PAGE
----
As I touched upon in a prior post, making the “world avoided” visible – to decision-makers, to policymakers, and to the public – may actually help us avoid it from happening. t is analogous to a “self-defeating” prophecy. The “world avoided” is a prediction of the future that prevents what it predicts from happening because it was predicted. A real-time traveling mind-bender, huh?
Envisioning a New Montreal Protocol
As we look to the future, the next prophecy that needs to be defeated is a world devastated by climate change. You have read about all the possible doomsday scenarios. Uncontrollable rising sea levels put most major metropolises underwater. Huge swaths of desert take over much of Africa, Asia, and North America. Access to clean water is severely restricted. Basic food staples can no longer be grown at a pace to sustain the growth of human life. On and on.
The good news is that the Montreal Protocol provides a blueprint for governmental action at a global scale. We can do it. The past shows us the way. Acting today is paramount. If there is even a 1% chance that climate change will unleash the type of carnage some forecasters have indicated, we cannot delay. We must accept minor pain today in exchange for avoiding extreme pain in the future. The risk-reward is so obscenely imbalanced that even the smallest of probabilities deserves real attention and focus. After all, we may never know with certainty what inaction around climate change will bring… and that’s exactly what we want to happen.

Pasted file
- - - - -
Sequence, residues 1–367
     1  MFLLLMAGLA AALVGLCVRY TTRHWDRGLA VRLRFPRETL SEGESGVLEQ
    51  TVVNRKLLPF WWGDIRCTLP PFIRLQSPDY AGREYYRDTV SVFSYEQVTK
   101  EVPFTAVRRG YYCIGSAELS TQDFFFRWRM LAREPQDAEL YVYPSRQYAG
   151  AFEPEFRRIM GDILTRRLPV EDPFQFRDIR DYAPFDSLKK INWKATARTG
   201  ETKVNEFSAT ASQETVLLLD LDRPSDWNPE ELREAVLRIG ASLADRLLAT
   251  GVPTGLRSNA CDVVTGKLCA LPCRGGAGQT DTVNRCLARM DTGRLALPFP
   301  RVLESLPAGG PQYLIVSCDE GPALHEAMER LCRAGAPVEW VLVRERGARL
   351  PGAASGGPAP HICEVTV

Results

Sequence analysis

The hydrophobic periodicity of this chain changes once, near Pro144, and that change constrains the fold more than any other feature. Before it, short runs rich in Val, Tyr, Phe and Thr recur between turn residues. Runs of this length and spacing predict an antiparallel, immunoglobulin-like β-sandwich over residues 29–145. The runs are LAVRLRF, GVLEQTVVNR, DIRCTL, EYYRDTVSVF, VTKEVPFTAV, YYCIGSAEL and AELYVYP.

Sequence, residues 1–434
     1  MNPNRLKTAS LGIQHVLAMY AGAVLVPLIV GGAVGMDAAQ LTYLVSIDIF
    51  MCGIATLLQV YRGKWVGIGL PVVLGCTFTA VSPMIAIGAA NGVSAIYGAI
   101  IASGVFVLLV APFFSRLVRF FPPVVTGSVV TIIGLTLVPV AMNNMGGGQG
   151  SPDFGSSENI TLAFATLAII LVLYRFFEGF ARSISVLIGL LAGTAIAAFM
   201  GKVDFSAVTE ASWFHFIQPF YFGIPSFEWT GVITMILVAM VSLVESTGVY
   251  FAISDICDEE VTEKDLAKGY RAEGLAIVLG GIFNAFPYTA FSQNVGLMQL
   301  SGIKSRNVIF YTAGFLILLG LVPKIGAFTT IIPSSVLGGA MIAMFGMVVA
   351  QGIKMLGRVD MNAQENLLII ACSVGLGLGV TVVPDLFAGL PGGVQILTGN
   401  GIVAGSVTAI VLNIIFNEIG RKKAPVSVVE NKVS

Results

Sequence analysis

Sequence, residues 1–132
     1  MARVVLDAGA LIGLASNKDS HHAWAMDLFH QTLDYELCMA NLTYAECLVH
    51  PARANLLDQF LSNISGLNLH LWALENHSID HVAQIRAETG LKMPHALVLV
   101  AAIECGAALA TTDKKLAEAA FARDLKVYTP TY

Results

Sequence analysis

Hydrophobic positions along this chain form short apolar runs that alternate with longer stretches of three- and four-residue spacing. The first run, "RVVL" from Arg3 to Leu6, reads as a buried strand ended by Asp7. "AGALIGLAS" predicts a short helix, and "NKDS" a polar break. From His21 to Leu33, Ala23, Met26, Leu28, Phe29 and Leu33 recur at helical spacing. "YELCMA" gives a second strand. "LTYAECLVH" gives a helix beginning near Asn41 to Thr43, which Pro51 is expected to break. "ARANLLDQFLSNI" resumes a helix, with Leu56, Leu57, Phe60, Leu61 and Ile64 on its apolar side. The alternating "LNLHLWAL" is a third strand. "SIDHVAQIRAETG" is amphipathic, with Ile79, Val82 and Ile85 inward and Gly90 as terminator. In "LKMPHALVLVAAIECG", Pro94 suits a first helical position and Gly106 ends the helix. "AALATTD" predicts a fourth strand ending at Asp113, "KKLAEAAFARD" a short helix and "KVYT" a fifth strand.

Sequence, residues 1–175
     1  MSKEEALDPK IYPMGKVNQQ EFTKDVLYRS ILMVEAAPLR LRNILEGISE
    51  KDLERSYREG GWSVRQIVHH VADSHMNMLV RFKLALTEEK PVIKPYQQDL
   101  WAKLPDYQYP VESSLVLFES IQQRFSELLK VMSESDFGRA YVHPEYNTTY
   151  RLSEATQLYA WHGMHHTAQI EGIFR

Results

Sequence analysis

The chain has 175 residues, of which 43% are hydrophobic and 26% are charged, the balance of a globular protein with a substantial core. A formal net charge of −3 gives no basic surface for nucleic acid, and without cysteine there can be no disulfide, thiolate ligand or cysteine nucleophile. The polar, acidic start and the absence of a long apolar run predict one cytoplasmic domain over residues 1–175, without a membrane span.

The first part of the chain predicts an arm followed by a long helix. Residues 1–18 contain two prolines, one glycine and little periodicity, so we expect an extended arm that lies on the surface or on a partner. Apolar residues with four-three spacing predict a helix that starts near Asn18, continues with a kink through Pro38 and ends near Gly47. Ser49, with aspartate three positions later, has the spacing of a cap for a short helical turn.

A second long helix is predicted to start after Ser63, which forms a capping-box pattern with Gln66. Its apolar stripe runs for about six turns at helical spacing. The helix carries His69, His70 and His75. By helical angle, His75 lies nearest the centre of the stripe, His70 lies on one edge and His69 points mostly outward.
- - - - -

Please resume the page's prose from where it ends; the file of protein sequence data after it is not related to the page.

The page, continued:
Wagish Bhartiya is a GovLoop Featured Contributor. He is a Senior Director at REI Systems where he leads the company’s Software-as-a-Service Business Unit. He created and is responsible for leading a team of more than 100 staff focused on applying software technologies to improve how government operates. Wagish leads a broad-based team that includes product development, R&D, project delivery, and customer success across state, local, federal, and international government customers. Wagish is a regular contributor to a number of government-centric publications and has been on numerous government IT-related television programs including The Bridge which airs on WJLA-Channel 7. You can read his posts here.